Senegal on 79th

Yassa’s African Restaurant was easy to find, just west of the intersection of 79th Street and Cottage Grove Avenue. Its unassuming exterior matched the rest of the gritty block–simple yet bright signage above the entrance, dark brick exterior, and a row of open parking meters lining the front. Knowing little about Senegal, a few stereotypical questions filled my mind. Would we eat with our fingers, like in an Ethiopian restaurant? Would we sit on the floor? Would the décor have elephants or lions? Entering the restaurant was like walking into someone’s back door. We were eagerly welcomed by the owner, a member of the Wolof people of western Senegal, who opened the place in 2004 as the first Senegalese restaurant in Chicago. The dining room was open yet dimly lit, and a family sat around the largest table. The seating was informal, around oversized square tables that were subtly oriented toward a big TV buzzing the latest political commentary on CNN. Everyone who came and sat down was eventually drawn in by the political banter, which harmonized with the drone of the lights and coolers.

The menu offered a wide array of traditional dishes, from marinated lamb chops to curries and stews boasting a variety of meats and fish. The division of dishes between lunch and dinner seemed purely aesthetic, as the owner allowed us to order any dish on the menu. The intensity of flavor, present in the background scents wafting from the kitchen, started with the hand-blended sorrel juice. This leafy plant made a deep red liquid tasting slightly of lemon and berry that matched the spices in the dishes. First came the nem, a slightly sweet appetizer not unlike an egg roll filled with Senegalese spices. Next were the main courses: Yassa lamb and Thiou curry with lamb. The huge portions rested on equally large beds of rice, and both dishes were tender to the point of melting. Each had its particular spicing–the Yassa lamb was marinated in sweet yet savory spices that started with a buttery warmth and tangy tomato and onion, moved into the sharp prick of spiciness and finally softened into a lemony aftertaste. Served bone-in, the Thiou curry had an equally intricate spicing. It was paired with sweet potatoes, carrots and peas that echoed the edge of the curry with just enough sweetness to round out the flavor. The kick of the sorrel juice cleansed the palate perfectly, and each bite was newly complex.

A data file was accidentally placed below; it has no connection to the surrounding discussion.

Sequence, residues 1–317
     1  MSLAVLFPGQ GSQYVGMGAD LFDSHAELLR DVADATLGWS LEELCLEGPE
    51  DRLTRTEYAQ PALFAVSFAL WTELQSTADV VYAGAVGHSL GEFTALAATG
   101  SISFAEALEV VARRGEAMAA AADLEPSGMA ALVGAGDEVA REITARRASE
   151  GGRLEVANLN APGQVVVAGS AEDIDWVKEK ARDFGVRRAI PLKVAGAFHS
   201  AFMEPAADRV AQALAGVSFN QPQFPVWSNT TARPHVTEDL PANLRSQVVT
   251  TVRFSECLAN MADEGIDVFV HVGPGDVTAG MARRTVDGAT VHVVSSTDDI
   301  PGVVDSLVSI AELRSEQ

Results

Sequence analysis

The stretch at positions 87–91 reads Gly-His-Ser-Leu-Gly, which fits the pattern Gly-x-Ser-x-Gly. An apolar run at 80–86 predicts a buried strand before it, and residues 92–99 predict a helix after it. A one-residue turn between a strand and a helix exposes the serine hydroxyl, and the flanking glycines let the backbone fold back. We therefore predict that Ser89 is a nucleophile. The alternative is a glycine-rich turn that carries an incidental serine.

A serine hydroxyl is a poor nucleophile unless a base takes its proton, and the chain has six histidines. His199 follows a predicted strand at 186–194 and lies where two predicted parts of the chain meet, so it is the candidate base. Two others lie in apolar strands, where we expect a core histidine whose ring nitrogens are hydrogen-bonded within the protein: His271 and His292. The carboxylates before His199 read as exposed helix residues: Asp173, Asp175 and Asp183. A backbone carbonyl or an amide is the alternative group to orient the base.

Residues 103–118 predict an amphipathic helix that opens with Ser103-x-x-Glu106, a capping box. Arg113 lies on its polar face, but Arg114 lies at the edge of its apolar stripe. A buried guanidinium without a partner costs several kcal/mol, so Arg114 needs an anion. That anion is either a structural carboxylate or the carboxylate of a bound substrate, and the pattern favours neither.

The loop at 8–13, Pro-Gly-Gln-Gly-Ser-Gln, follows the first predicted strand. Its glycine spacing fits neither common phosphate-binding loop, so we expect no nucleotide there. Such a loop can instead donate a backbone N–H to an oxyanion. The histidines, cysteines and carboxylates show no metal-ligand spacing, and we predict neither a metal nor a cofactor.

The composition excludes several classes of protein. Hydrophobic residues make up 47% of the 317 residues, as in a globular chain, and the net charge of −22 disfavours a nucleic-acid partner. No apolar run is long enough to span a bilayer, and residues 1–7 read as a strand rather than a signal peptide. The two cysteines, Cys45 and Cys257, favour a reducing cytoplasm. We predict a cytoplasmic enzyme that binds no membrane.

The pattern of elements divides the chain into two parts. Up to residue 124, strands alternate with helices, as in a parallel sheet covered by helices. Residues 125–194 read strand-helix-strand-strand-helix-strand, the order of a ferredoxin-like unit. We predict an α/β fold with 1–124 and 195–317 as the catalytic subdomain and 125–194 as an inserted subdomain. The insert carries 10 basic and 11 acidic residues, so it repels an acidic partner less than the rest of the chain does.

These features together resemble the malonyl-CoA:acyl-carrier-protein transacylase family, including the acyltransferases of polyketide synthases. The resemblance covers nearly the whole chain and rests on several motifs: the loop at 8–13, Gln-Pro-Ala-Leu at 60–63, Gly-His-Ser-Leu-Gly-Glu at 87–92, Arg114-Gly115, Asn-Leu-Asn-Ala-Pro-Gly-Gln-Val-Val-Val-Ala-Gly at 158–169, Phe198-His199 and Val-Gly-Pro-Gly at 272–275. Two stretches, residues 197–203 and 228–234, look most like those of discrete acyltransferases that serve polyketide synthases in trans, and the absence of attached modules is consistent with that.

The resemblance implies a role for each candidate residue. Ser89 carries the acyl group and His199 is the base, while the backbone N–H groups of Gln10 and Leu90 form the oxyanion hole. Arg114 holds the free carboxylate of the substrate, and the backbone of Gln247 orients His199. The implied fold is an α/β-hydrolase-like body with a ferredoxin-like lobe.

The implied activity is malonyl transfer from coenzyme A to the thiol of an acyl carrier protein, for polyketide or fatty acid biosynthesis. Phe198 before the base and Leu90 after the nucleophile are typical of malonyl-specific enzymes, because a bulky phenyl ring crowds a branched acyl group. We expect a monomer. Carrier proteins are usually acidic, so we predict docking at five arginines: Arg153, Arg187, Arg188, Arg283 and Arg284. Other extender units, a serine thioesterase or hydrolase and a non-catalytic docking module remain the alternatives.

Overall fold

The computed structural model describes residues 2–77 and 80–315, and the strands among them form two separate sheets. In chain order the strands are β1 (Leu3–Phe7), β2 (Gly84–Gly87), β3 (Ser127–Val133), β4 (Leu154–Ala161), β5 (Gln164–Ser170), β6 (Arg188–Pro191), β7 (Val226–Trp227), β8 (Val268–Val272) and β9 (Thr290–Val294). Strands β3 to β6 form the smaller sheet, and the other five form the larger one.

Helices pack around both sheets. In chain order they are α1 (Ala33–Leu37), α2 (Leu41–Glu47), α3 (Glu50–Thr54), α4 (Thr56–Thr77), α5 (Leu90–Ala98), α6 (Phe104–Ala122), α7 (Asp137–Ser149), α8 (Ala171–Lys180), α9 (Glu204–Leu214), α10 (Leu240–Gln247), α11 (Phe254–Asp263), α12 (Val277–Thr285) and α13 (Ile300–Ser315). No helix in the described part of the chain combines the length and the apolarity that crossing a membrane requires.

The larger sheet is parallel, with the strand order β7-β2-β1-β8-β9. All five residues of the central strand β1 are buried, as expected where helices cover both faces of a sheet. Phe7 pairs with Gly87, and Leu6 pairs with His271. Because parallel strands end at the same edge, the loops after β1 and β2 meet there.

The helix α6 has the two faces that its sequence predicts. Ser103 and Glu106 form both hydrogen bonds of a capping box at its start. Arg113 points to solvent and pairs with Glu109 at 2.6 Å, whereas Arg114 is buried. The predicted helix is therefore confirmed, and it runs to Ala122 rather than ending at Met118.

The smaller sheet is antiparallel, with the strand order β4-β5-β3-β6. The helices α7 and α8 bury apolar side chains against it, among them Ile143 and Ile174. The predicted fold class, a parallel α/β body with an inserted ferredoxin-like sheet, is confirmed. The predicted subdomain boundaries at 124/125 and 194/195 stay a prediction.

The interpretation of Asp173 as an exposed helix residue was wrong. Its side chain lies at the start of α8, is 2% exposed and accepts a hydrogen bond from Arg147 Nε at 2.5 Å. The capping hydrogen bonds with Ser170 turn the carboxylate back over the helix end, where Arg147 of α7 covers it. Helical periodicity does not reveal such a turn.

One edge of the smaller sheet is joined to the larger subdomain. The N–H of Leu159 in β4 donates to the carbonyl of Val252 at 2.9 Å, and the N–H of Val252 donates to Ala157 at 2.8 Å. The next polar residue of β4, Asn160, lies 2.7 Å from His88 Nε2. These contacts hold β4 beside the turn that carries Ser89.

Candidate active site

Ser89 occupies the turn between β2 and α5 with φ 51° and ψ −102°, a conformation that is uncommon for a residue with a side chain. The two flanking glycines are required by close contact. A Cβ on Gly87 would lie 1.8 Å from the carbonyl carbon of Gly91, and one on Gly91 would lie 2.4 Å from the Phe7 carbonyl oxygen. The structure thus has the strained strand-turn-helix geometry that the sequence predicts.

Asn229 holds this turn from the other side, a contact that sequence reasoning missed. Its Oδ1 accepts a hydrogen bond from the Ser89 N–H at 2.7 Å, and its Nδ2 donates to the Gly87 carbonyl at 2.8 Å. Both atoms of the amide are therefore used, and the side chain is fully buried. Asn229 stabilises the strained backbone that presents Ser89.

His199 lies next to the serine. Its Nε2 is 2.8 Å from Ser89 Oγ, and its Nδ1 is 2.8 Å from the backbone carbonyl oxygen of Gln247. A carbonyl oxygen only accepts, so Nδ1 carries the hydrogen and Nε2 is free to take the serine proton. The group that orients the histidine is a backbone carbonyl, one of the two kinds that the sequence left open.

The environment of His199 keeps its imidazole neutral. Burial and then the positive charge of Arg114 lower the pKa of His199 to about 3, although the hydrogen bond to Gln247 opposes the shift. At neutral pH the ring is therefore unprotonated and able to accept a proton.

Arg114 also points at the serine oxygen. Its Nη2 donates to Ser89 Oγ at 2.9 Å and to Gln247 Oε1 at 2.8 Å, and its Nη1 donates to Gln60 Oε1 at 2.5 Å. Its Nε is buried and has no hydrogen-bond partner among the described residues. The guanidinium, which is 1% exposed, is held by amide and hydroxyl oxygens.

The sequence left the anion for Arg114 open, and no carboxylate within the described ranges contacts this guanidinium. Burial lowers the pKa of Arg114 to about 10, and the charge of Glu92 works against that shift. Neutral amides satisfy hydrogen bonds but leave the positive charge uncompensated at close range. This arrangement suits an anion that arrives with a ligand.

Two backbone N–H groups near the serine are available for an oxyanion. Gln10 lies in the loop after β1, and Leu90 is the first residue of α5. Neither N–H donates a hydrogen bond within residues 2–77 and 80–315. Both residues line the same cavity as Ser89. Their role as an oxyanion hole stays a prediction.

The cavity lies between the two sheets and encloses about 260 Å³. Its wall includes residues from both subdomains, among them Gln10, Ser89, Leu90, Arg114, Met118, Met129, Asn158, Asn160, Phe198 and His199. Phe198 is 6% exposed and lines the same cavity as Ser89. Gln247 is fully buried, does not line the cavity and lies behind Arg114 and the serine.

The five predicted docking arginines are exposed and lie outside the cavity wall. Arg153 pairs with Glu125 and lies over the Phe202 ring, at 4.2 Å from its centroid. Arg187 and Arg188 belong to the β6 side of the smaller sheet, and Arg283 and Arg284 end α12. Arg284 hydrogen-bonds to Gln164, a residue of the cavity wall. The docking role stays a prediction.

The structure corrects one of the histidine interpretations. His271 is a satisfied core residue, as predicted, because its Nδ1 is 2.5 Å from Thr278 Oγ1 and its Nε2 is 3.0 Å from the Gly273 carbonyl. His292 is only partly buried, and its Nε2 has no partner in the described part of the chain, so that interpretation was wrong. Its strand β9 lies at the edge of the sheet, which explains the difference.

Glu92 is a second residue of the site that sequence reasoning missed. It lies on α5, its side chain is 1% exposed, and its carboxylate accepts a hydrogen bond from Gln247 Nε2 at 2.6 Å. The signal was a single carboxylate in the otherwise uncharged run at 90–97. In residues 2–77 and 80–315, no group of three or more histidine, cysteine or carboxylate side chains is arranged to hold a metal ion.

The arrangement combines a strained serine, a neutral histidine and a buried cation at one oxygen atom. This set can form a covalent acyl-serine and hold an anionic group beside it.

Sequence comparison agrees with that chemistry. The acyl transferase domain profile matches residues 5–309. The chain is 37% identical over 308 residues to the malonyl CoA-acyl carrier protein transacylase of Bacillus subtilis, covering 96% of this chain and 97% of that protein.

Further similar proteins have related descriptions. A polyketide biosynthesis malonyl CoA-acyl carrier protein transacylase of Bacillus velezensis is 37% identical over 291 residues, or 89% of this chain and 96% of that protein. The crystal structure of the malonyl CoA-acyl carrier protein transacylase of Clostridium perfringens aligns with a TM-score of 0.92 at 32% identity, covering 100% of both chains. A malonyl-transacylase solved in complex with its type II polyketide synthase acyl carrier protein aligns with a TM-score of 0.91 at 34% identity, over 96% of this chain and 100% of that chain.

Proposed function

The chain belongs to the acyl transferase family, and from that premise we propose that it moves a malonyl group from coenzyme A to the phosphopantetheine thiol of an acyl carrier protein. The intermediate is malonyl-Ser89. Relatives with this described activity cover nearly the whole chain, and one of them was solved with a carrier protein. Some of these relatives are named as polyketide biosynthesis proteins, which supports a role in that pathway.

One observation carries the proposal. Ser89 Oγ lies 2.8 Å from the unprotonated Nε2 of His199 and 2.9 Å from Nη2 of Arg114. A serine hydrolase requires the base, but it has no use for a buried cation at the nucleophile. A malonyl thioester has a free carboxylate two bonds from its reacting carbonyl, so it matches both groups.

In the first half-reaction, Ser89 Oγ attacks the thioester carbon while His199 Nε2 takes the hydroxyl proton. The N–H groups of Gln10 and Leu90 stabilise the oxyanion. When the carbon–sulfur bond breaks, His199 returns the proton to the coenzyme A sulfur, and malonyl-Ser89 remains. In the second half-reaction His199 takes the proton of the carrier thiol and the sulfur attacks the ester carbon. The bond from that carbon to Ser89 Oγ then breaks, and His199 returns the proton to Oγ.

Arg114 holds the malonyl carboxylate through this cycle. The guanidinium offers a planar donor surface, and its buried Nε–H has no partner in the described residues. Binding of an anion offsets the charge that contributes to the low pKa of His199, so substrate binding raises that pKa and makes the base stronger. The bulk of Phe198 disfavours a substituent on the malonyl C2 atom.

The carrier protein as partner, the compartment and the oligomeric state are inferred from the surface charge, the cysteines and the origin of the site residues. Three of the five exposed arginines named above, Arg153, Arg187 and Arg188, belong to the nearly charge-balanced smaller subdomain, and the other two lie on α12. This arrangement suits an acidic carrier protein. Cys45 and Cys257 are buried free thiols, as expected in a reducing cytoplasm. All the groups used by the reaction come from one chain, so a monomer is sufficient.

Near the end of the meal, the owner returned to tempt us with sumptuous desserts, but the lamb had dominated the feast. While we waited for the check and started to digest, the surrounding pastiche of authentic tribal statuary, bright swatches of African fabric, and posters of 1940s South Chicago moved to the foreground, which made for an atmosphere as engaging as the dazzling flavors of the food.